Sunday, May 11, 2008

Checking In/Live Aid Article

I wrote the article below at least 7 months ago, but never got around to posting it. Currently, I'm slightly suffering a bit of literary constipation, as might be evidenced by the decided lack of articles from April, as well as the conclusion of my award-losing "Relationship Injustice" series. For the curious (and bi-curious?), the feedback I got from my wrap-up was mostly positive. A couple people asked me if I'd been itching to undo my closure of that series and add more, but actually I haven't. Unbelievable, but again, constipation. Sometimes I just get tired of being tired. The "RE" series was actually rather cathartic, but tough to write. The whole thing wore me out but I doubt I'd change a word of it, and am kind of proud of it as a finished work. Not to be too "bloggy" (there's a new word for ya), but I'm sure I'll have some type of retrospective thoughts and summaries for my highly feared 100th post. I've already been combing the archives for some "best of" moments to reprint in a type of ceremonial article.

Anyway, here's one from the past that I never reprinted, having to do with watching the old Live Aid concert. Will check in as soon as the laxative kicks in.

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So I Watched The Live Aid Tapes Again...


I've stumbled upon the video tapes of the Live Aid broadcast from lo these many years ago (21+ to be exact). It struck me as to the specialness of the event, the magnitude of having a single event with (reformed) Led Zeppelin, The Who, Black Sabbath, etc. The heroes were certainly the fans - the music lovers that donated their money to a cause that hopefully saved some lives. But the magnitude! 1.5 BILLION people watched this event.

This was a revival of those great "I was there" moments of the late sixties, except this festival had a cause. People who could brandish a ticket stub from this event could boast their support at the time, and their fortitude for standing in one place for over 7 hours. THAT'S why the audiences were my heroes. Performers can play their 17 minute set in any venue, but the people who stood there in that mass of humanity, well they have my respect. Bob Geldof will always be a musical hero in my book for organizing this massive event, and pulling together such memorable reunions. He was a pathetic singer, but he knew how to pull strings. Kudos, Bob, just please don't ever sing again.

The entire Wembley Stadium affair was majestic and respectful; by ending with Band Aid's "Do They Know It's Christmas", the grand finale had a sense of majesty and importance with which it might capitalize the statement of helping a dying continent. Philadelphia's lame "We Are The World" was disorganized, boring, anti-climactic, and disappointing. Thankfully one would hope that many had turned the channel by then. Even at the basic songwriting level, "We Are The World" is a sorry excuse for a counterpart to the majestic, and emotionally fueled performance by Band Aid. Try again, Quincy. Back to Gary you go...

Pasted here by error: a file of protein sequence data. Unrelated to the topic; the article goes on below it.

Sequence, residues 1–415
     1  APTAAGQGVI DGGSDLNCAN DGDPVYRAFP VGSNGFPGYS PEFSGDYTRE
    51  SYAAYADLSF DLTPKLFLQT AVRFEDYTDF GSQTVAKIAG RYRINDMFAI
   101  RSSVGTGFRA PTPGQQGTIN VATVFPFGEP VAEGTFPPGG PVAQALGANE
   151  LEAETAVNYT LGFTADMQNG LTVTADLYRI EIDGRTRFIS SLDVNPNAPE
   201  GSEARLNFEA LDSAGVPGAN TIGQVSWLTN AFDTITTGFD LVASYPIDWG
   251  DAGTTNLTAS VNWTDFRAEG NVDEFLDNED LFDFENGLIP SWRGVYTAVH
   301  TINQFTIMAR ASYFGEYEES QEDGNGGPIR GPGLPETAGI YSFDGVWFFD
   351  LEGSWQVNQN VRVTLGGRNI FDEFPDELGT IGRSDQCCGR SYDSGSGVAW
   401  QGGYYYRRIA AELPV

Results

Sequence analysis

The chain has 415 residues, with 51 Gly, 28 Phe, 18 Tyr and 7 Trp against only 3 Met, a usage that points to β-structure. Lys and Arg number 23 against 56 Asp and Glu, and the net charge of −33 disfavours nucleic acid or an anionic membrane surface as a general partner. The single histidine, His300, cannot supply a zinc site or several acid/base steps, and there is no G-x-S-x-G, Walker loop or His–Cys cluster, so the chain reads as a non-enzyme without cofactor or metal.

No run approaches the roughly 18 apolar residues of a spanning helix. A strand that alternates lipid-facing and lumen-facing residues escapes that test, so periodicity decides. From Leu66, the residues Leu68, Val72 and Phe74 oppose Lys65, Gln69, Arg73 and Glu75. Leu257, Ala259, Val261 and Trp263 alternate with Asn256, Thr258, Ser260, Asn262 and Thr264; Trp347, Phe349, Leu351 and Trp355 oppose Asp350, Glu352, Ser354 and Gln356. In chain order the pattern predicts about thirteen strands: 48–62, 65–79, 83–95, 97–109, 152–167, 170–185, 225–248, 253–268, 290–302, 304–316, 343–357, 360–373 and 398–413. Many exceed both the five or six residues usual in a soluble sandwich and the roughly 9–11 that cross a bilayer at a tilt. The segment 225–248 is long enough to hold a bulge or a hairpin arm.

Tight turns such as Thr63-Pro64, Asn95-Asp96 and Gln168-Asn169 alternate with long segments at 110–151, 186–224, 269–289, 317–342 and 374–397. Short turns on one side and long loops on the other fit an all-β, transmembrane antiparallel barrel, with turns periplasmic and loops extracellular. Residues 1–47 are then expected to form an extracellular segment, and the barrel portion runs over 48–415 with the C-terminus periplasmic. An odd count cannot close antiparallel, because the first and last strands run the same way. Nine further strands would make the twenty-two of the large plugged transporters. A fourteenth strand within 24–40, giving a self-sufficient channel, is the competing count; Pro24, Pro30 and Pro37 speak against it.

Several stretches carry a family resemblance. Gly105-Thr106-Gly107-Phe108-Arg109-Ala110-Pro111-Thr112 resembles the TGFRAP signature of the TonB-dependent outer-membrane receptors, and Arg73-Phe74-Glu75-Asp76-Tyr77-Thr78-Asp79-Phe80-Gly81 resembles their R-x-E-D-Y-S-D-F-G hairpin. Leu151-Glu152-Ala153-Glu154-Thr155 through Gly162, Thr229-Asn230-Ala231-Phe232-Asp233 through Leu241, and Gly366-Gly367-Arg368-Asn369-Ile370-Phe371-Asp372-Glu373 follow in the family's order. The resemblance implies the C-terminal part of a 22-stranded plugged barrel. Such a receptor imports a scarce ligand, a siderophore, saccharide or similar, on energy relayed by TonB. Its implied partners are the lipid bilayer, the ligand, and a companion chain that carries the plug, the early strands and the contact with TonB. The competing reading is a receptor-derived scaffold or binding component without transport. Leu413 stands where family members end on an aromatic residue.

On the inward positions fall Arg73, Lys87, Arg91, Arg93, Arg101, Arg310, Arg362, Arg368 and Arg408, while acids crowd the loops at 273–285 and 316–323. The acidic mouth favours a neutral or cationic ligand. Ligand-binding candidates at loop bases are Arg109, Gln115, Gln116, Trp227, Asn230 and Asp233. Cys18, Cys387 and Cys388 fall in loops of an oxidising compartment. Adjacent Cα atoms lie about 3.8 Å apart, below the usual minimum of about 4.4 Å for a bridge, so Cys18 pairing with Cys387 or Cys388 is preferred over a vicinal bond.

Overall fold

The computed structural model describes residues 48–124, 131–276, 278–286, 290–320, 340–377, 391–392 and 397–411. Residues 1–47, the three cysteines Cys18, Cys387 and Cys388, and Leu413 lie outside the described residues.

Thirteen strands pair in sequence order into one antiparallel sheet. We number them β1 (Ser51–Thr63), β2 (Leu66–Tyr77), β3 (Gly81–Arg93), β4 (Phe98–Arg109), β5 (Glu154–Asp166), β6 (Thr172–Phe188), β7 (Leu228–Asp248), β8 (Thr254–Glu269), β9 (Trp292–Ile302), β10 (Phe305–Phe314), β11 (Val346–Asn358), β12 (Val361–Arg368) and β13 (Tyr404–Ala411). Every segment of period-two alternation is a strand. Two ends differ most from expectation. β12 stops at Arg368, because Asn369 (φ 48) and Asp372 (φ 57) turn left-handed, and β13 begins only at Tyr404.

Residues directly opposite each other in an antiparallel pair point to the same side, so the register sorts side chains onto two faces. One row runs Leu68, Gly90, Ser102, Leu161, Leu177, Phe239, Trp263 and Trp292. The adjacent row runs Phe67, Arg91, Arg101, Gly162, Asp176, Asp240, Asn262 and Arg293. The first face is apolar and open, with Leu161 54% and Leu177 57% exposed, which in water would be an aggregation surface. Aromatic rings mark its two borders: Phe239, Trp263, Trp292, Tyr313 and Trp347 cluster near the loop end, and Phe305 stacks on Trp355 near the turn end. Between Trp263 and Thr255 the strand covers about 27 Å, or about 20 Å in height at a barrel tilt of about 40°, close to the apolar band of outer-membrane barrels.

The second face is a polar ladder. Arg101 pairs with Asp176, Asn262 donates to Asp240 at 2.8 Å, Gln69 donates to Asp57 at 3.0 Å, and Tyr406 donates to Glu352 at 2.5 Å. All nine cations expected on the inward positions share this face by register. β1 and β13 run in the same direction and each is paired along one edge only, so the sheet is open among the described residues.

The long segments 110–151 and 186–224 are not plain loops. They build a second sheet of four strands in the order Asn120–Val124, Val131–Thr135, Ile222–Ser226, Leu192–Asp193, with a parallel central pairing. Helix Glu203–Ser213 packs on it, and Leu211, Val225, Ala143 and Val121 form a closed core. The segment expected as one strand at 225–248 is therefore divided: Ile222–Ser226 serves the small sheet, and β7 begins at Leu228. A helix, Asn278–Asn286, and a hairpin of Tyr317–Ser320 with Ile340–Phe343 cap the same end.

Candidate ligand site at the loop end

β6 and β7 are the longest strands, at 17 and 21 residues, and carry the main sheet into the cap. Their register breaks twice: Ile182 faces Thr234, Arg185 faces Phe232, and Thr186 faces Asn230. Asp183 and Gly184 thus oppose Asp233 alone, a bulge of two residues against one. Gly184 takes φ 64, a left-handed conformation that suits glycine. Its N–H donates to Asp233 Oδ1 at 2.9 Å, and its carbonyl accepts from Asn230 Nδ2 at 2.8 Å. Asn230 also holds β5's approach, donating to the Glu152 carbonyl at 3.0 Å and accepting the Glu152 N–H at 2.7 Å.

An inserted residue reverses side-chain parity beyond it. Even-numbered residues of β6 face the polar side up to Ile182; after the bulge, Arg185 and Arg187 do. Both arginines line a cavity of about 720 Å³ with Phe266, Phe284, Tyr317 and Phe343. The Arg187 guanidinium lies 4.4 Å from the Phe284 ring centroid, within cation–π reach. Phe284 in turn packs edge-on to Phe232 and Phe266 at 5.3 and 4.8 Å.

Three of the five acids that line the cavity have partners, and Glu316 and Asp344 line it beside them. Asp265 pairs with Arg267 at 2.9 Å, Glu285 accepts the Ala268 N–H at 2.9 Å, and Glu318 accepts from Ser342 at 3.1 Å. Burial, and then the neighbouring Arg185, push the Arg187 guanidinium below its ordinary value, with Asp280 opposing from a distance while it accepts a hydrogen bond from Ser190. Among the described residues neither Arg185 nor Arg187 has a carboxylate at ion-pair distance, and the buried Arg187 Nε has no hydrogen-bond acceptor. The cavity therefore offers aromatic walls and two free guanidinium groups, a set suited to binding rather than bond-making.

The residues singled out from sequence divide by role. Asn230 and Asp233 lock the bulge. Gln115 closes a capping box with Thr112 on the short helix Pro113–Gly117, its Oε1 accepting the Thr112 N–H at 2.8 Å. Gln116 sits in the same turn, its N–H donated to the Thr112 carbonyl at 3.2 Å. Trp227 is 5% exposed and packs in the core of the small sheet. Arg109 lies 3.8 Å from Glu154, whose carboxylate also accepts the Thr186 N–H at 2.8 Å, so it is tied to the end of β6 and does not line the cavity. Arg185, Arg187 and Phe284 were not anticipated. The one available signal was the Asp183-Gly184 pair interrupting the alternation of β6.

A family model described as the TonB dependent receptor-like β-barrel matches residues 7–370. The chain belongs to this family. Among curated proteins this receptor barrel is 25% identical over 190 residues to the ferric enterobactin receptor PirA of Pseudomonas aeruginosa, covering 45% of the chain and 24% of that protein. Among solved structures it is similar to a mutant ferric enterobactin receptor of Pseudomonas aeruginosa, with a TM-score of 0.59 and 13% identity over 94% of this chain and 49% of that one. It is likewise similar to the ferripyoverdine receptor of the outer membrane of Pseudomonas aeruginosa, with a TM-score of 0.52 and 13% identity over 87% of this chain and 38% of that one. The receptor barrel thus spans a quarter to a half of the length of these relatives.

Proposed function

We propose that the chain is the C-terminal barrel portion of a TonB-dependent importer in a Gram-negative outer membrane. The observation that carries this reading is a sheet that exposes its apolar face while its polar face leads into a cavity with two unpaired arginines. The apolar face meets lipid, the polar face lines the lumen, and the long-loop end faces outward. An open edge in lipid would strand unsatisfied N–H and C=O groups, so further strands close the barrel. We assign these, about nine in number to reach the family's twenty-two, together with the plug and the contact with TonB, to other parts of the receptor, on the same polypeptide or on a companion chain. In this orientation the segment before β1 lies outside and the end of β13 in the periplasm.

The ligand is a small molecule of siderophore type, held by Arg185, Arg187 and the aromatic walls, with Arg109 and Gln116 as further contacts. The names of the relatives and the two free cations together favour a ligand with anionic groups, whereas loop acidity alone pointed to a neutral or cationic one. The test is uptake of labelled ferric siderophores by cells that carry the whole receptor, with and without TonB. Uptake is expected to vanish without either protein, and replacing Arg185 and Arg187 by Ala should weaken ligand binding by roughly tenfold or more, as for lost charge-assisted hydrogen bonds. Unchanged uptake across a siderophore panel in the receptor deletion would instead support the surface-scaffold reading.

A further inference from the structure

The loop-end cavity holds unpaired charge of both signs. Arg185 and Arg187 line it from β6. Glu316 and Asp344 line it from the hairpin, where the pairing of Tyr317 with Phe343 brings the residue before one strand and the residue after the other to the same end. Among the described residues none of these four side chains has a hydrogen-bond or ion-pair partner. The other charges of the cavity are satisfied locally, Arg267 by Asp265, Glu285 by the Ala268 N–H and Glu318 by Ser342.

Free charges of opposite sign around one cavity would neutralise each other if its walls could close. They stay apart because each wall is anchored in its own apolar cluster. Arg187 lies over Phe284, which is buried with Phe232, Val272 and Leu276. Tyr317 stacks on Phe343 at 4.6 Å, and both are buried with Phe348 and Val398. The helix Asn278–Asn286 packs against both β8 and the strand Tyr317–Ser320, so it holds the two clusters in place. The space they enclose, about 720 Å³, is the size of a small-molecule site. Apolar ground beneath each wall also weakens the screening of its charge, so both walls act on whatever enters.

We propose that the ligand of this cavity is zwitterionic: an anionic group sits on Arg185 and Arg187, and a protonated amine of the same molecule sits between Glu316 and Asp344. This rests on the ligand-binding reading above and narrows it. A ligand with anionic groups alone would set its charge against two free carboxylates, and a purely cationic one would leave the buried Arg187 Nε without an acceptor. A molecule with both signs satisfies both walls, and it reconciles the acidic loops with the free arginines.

Hindsight always makes for fascinating viewing. MTV VJs remarking how "great" Ozzy Osbourne looks and feels, even though he was at his heaviest and living on blow. Then the ponderings of Led Zeppelin's reunion and its potential future. There are also those that didn't get their proper notice, and have since departed. The singers for Queen and Big Country no longer walk this earth. It sucked to see them largely enveloped by the gravity of everything else at the time.

Neil Young can't play solo guitar, but man, he was so cool out there. He'll drop everything for a cause. Neil, Zeppelin, and U2 were the high points of the day. To hell with Phil Collins and his attention-hungry stunt to fly across the ocean and play at the London AND Philadelphia venues. That merely gave an excuse to put another continent to sleep with "In The Air Tonight". He may be a great drummer, but his songs can be so boring.

I loved watching how obviously wired up and goofy Jeff Porcaro was during Clapton's performance. Porcaro was a drug hungry drummer, formerly of Toto, and some of the backstage interviews included his shaky visage in the background. I've seen less jumping around in a Gnip Gnop game. Same with MTV host Nina Blackwood. In some close ups, you could literally see the drug residue on her. Nice. Good for national TV. Them were da days.

5 comments:

Wendi Manning said...

Hey! Bob's performance of I Don't Like Mondays was my favorite performance of the show! But other than that, you nailed it.

Limey said...

Status Quo totally stole the show.

Fagedaboudit said...

Did you use "Phil Collins" and "great drummer" in the same sentence?
Blaspheme, Blaspheme!

The Vapid Voice said...

Hey, Collins might have been a great drummer, but his sappy sweet garbage songs weren't worthy of most trash bins.

Fagedaboudit said...

IMHO Phill Collins is an OK drummer with a couple of shining moments.
Though I cannot recall those shining moments, I'm trying to cut him some slack.